The fields you pass in a method are accessible to client state machine actions via the self->args structure. For example:

if (zsock_connect (self->dealer, "%s", self->args->endpoint)) {
    engine_set_exception (self, error_event);
    zsys_warning ("could not connect to %s", self->args->endpoint);
}

Custom hand-written methods

Within your state model you can include another XML file with custom hand-written methods to easily extend the state maschine. To do so include the following:

<custom filename = "hello_client_custom.xml" language = "C" />

The hello_client_custom.xml can contain three sections <header>, <source> and <api>. The contents of the <header> and <source> section will be placed into the hello_client.(h|c) files. The <api> defines a zproject API for your custom code and can only be used in conjunction with zproject. Please note that <header> and <api> are exclusive as the header will be generated from the API by zproject. The hello_client_custom.xml may look like:

<header>
    //  Print the attributes of this class
    void
        hello_client_print (hello_client_t *self)
</header>
<source>
    //  -------------------------------------------------------------------
    //  Print the attributes of this class

    void
    hello_client_print (hello_client_t *self)
    {
        printf ("hello_client {\n");
        printf ("  last command %s\n", self->command);
        ...
        printf ("}\n");
    }
</source>

When using zprojects API you'll need to escape '<' and '>' for now:

<api>
    &lt;method name = "print"&gt;
        Print the attributes of this class
    &lt;/method&gt;
</api>
<source>
    //  -------------------------------------------------------------------
    //  Print the attributes of this class

    void
    hello_client_print (client_t *client)
    {
        if (client) {
            s_client_t *self = (s_client_t *) client;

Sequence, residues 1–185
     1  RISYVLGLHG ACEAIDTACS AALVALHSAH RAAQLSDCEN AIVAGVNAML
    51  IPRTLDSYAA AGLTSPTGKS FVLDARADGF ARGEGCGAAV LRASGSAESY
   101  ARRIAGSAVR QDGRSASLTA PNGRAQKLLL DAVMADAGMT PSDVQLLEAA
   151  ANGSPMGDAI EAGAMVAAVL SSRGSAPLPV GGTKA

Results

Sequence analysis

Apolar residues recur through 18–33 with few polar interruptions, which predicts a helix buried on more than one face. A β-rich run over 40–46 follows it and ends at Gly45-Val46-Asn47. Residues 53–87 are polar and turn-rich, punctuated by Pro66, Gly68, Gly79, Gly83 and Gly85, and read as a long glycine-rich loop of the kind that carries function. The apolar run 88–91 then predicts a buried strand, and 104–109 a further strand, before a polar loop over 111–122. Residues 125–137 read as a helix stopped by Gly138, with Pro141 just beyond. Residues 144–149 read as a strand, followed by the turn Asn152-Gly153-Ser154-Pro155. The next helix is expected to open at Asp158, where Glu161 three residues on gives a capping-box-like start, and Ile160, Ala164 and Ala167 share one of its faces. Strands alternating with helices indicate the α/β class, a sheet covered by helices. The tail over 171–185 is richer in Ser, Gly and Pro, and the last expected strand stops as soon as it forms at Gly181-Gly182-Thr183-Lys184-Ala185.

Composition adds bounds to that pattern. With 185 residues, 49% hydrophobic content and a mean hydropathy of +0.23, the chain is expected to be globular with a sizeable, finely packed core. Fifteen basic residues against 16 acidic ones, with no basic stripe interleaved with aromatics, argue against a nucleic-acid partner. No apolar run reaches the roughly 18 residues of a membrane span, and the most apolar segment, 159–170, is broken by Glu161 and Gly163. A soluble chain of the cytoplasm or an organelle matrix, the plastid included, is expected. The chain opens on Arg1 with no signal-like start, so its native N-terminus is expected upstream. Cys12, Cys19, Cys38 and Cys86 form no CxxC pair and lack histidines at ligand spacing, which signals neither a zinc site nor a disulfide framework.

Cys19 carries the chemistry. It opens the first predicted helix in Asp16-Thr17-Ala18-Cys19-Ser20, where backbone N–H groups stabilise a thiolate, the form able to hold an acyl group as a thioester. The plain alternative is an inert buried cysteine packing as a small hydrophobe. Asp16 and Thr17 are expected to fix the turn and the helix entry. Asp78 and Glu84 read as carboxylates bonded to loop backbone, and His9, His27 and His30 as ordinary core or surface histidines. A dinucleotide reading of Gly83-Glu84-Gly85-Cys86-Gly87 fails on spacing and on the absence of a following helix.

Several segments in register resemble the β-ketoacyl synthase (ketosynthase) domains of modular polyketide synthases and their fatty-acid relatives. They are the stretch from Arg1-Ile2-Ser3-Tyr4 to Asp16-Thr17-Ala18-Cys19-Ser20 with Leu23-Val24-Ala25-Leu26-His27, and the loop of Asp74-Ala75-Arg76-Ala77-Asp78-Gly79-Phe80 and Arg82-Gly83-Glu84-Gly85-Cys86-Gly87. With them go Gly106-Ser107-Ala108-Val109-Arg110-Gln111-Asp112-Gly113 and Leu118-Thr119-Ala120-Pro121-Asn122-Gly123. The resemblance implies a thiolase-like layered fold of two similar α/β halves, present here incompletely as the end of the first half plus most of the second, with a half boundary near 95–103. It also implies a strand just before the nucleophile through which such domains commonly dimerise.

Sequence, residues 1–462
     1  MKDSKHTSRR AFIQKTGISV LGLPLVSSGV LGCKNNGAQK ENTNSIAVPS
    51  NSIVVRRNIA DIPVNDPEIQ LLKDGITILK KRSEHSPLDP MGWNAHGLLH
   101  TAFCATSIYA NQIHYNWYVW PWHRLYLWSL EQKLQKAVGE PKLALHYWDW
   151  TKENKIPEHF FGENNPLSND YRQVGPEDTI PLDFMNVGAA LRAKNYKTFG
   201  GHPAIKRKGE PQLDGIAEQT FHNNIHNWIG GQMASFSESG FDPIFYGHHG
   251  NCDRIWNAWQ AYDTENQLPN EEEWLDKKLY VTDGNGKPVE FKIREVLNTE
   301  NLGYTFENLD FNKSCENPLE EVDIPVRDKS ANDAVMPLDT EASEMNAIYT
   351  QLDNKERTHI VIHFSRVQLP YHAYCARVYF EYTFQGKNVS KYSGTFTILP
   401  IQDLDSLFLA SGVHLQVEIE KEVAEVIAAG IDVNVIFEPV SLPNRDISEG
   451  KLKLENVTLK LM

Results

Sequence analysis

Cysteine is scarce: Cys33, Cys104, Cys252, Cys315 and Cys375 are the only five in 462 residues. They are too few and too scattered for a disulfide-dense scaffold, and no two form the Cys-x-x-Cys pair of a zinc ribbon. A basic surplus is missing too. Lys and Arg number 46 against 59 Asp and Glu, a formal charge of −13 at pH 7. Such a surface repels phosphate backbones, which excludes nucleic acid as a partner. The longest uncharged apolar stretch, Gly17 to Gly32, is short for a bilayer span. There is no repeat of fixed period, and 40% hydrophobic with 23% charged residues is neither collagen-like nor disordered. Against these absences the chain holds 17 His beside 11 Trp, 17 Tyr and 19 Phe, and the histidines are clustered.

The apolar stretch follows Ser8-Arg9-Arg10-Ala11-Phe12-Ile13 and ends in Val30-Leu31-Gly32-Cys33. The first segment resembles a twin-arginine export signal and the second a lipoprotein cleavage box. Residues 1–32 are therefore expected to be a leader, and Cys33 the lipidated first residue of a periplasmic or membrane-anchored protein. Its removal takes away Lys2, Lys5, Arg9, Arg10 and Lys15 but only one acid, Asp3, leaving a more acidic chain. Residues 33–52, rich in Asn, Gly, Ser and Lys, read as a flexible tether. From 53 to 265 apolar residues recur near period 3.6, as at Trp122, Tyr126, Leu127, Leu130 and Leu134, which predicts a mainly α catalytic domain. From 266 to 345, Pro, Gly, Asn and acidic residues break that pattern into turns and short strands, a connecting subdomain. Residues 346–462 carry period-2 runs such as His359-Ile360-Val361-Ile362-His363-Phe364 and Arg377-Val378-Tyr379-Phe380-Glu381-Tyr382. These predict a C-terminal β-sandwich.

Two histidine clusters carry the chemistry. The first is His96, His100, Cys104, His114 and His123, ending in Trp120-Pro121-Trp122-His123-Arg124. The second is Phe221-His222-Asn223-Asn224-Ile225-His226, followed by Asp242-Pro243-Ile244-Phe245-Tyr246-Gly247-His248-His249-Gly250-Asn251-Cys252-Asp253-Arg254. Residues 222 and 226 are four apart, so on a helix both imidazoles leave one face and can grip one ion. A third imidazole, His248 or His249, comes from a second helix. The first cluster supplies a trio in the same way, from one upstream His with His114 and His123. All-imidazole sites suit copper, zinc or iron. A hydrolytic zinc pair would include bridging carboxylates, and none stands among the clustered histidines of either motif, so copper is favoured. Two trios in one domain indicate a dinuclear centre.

printf ("hello_client {
            printf ("  heartbeat %lu\n", self->heartbeat);
            printf ("  current event %lu\n", self->event);
            printf ("  current state %lu\n", self->state);
            ...
            printf ("}\n");
        }
    }
</source>

Protocol Design Notes

This section covers some learned experience designing protocols, using zproto and more generally:

Heartbeating and Client Expiry

The simplest and most robust heartbeat / connection expiry model appears to be the following:

  • The server disconnects unresponsive clients after some expiry timeout, which you can set using the SET message and the "server/timeout" property. A good expiry timeout is perhaps 3 to 10 seconds. The minimum allowed is 2000 milliseconds.

  • The client heartbeats the server by sending a PING heartbeat every second if there is no other activity. You can do this by calling "engine_set_timeout (self, 1000);" in the client and in expired_event handling, send a PING command (or similar).

  • The server responds to PING commands with a PING-OK (or similar), when it is in a valid connected state. When the server does not consider the client as connected, it responds with INVALID (or similar).

  • The client accepts and discards PING-OK. If it receives INVALID, it re-starts the protocol session by sending OPEN (or similar).

  • The server accepts OPEN in all external states and always treats this as a request to start a new protocol session.

This approach resolves stale TCP connections, as well as dead clients and dead servers. It makes the heartbeating interval a client-side decision, and client expiry a server-side decision (this seems best in both cases).

For More Information

Though the Libero documentation is quite old now, it's useful as a guide to what's possible with state machines. The Libero model added superstates, substates, and other useful ways to manage larger state machines.

The current working example of the zproto server generator is the zeromq/zbroker project, and specifically the zpipes_server class.

You can find GSL on Github and there's a old backgrounder for the so-called "model oriented programming" we used at iMatix.

This document

This documentation was generated from zproto/README.txt using Gitdown